Art has been one of the oldest yet a strong form of communication between two entities. It has a tendency to deeply move your soul and the people back then surely knew how to use them to its fullest. As a result, they created some masterpieces, some of which can be found in museums, manuscripts, and books.
Rajasthani paintings which are also known as Rajput paintings strongly communicates with those who are willing to know their culture, architecture, and stories of people back then through art. These paintings evolved and prospered in the Rajputana royal courts. There was a distinct style in every royal kingdom of Rajputana but some common features can be seen in all of them. These paintings depict a number of themes and incidents of epics such as the Ramayana. Although miniature paintings were kept in manuscripts and albums most of these paintings were made on the walls of palaces, inner chambers of the forts, havelis, and hence some of them got destroyed with time.
The colors of the paintings were extracted from some minerals, plant sources, conch shells, and some of them were derived by processing precious stones such as gold and silver. The preparation of these colors took a long time extending to two weeks. Also, the brushes used in the paintings are fine giving them the intricate finish.
In 1597, Rana Pratap Rana Amar Singh established himself on the throne of Mewar. To some extent, he accepted the dominance of Mewar and for the same reason, the impact of Mughal art is visible on Mewar Paintings.
There are three different Rajput painting styles in the region of Mewar. Nathdwara style, Devgarh style, and Shahpura style.
The painting is taken from a Rajasthani school from J.C. French collection. On the back of the painting is inscribed a name ‘Son Singh’ but no king of this name is recorded. However, his features resemble a portrait of Amar Singh of Jailsamer.
The painting is from year about 1570 and is one of the series of illustrations to poems on the season of the year which is called Baramasa. The joy and relief on the arrival of rains can be seen in the movements of women sitting at the bottom. Rains can be seen in one scene of a hut.
Year of the painting is about 1760. The subject is identified as Bhim Singh of Jodhpur (1793-1803) through labels attached to it. However, it bears no resemblance to portraits of Bhim Singh and the turban he is wearing is not in Jodhpuri style.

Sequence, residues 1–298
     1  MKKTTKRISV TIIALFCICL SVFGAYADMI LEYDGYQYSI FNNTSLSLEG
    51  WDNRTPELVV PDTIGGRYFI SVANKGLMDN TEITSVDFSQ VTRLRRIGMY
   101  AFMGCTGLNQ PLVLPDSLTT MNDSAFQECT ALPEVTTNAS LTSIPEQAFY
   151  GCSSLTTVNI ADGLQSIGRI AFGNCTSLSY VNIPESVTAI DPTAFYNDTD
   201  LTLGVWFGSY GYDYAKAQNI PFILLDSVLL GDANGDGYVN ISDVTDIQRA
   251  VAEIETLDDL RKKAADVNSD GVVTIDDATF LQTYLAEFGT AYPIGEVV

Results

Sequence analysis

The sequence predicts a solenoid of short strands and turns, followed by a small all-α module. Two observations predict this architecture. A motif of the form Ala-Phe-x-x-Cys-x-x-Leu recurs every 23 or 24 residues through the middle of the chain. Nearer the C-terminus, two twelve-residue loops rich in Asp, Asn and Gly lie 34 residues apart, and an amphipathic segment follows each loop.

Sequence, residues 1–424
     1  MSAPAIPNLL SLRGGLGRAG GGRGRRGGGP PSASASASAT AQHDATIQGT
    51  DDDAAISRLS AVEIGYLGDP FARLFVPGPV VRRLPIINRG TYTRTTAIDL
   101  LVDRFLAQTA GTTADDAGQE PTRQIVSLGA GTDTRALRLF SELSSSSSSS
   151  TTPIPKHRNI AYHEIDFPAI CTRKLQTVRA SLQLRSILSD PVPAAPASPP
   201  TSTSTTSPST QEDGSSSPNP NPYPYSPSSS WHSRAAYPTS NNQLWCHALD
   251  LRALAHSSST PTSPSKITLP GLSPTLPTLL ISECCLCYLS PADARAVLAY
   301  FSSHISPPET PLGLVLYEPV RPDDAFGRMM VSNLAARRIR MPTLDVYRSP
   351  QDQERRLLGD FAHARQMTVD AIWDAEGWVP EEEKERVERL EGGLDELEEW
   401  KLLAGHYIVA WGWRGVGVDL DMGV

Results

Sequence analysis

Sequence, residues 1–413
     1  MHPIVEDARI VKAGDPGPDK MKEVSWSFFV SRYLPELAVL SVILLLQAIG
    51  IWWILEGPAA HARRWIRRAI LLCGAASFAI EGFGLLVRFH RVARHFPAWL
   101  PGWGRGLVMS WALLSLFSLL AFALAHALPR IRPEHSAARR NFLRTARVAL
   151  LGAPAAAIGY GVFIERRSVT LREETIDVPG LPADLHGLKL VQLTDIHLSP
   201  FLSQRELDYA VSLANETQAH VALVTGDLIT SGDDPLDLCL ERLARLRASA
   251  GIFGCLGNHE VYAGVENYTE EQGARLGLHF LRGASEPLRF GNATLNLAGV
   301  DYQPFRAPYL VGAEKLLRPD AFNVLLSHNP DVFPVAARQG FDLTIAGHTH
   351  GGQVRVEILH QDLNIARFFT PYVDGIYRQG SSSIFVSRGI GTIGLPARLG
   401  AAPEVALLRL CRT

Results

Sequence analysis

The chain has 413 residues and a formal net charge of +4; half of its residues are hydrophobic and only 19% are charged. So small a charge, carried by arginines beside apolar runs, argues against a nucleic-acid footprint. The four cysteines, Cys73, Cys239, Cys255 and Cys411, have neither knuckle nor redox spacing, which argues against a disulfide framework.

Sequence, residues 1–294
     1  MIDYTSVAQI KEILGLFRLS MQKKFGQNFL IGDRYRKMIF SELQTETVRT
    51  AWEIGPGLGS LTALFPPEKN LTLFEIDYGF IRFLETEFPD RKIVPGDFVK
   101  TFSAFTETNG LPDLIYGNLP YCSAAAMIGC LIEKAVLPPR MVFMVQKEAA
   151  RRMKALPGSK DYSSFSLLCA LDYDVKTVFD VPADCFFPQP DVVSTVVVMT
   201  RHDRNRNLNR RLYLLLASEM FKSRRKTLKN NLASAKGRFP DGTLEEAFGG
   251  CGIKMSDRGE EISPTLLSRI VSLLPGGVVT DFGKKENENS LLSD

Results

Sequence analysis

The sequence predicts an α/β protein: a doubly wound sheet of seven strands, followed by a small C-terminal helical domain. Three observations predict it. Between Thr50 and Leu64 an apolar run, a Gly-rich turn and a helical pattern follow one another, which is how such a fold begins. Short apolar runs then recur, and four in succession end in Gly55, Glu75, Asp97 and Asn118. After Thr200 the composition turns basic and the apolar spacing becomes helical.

About the painting Coomaraswamy has rendered his poem: ‘The heroine at the door of her home, happy in the expectation of her darling’s coming.’
The painting is an illustration to the Hamza-Nama: a huge Islamic manuscript executed for the emperors Humayun and Akbar. The year is about 1570.
Different forms of Rajasthani Painting
- Frescoes in caves
Fresco is a form of painting which is executed upon freshly laid, or wet lime plaster. These kinds of paintings can be vividly seen in the ancient caves, drawn in temples, palaces, and cenotaphs. The history of wall paintings in Rajasthan is so rich that it will provide you a wide glimpse into the culture of Rajasthan from years ago. The dry desert climate of the region ensures good condition of these paintings.
- Script painting
The tradition of padd and pichwai is very old and is done even today in Rajasthan. Padd and Pichwai are the two forms of script paintings. Padds are based on stories of folk gods while Pichwai is related to Krishna Lila.
- Manuscript painting on Bhurj leaves
In ancient time, the tradition of writing poetry and making drawing on palm leaves was common. As a result, the pictorial text preserved in many Jain collections got abandoned.
- Miniature style of painting
Laguchitra or miniature painting, as the name suggests, is very small in size. One thing that will appall you is the intricate brushwork which contributes to their unique identity. Colors used in miniature painting is derived from natural sources such as vegetables, indigo, precious stones, gold, and silver.
Ragamala which can be translated as ‘Garland of Ragas’ in English is a series of illustrative paintings from medieval India which depicts various musical modes called Ragas. Ragamala paintings were started in most Indian schools in the early 16th and 17th century. There are different subcategories of Ragamala that are Pahari Ragamala, Rajasthan and Rajputi Ragamala, Deccan Ragamala, and Mughal Ragamala.
Every painting in each Raga is personified by a color, mood, and verses describing stories of hero and heroine, day and night are also depicted, and there are a number of paintings that demarcate specific Hindu deities attached with raga, like Bhairava or Bhairavi to Shiva, Sri to Devi etc. These paintings along with Ragas also depicts their wives (raginis), their numerous sons (ragaputra) and daughters (ragakanya).
All the paintings would have given you a vivid picture of people and their lifestyle back then. Or if you felt all of these properly, it is possible to time travel through them too. Art is the only form that can make it possible.
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References and paintings from:
Ragamala Paintings Wikipedia